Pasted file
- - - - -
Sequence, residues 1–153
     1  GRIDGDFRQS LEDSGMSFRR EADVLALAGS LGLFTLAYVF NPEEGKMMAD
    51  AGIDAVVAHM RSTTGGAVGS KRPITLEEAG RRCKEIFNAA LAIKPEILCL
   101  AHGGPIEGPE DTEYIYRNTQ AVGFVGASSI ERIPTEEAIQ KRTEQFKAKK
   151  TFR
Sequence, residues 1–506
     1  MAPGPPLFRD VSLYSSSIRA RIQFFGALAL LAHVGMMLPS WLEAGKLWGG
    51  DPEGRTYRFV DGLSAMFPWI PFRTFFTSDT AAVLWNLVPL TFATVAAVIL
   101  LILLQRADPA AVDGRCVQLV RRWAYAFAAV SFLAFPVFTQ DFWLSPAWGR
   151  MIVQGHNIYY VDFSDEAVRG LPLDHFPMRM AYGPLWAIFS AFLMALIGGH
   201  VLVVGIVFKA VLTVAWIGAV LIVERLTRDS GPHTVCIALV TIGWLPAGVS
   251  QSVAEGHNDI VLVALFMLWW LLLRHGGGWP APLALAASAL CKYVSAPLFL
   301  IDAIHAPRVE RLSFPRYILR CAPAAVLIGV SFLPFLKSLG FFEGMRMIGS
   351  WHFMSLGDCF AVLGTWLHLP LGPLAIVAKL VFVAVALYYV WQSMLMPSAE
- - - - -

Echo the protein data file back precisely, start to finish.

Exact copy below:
Sequence, residues 1–153
     1  GRIDGDFRQS LEDSGMSFRR EADVLALAGS LGLFTLAYVF NPEEGKMMAD
    51  AGIDAVVAHM RSTTGGAVGS KRPITLEEAG RRCKEIFNAA LAIKPEILCL
   101  AHGGPIEGPE DTEYIYRNTQ AVGFVGASSI ERIPTEEAIQ KRTEQFKAKK
   151  TFR
Sequence, residues 1–506
     1  MAPGPPLFRD VSLYSSSIRA RIQFFGALAL LAHVGMMLPS WLEAGKLWGG
    51  DPEGRTYRFV DGLSAMFPWI PFRTFFTSDT AAVLWNLVPL TFATVAAVIL
   101  LILLQRADPA AVDGRCVQLV RRWAYAFAAV SFLAFPVFTQ DFWLSPAWGR
   151  MIVQGHNIYY VDFSDEAVRG LPLDHFPMRM AYGPLWAIFS AFLMALIGGH
   201  VLVVGIVFKA VLTVAWIGAV LIVERLTRDS GPHTVCIALV TIGWLPAGVS
   251  QSVAEGHNDI VLVALFMLWW LLLRHGGGWP APLALAASAL CKYVSAPLFL
   301  IDAIHAPRVE RLSFPRYILR CAPAAVLIGV SFLPFLKSLG FFEGMRMIGS
   351  WHFMSLGDCF AVLGTWLHLP LGPLAIVAKL VFVAVALYYV WQSMLMPSAE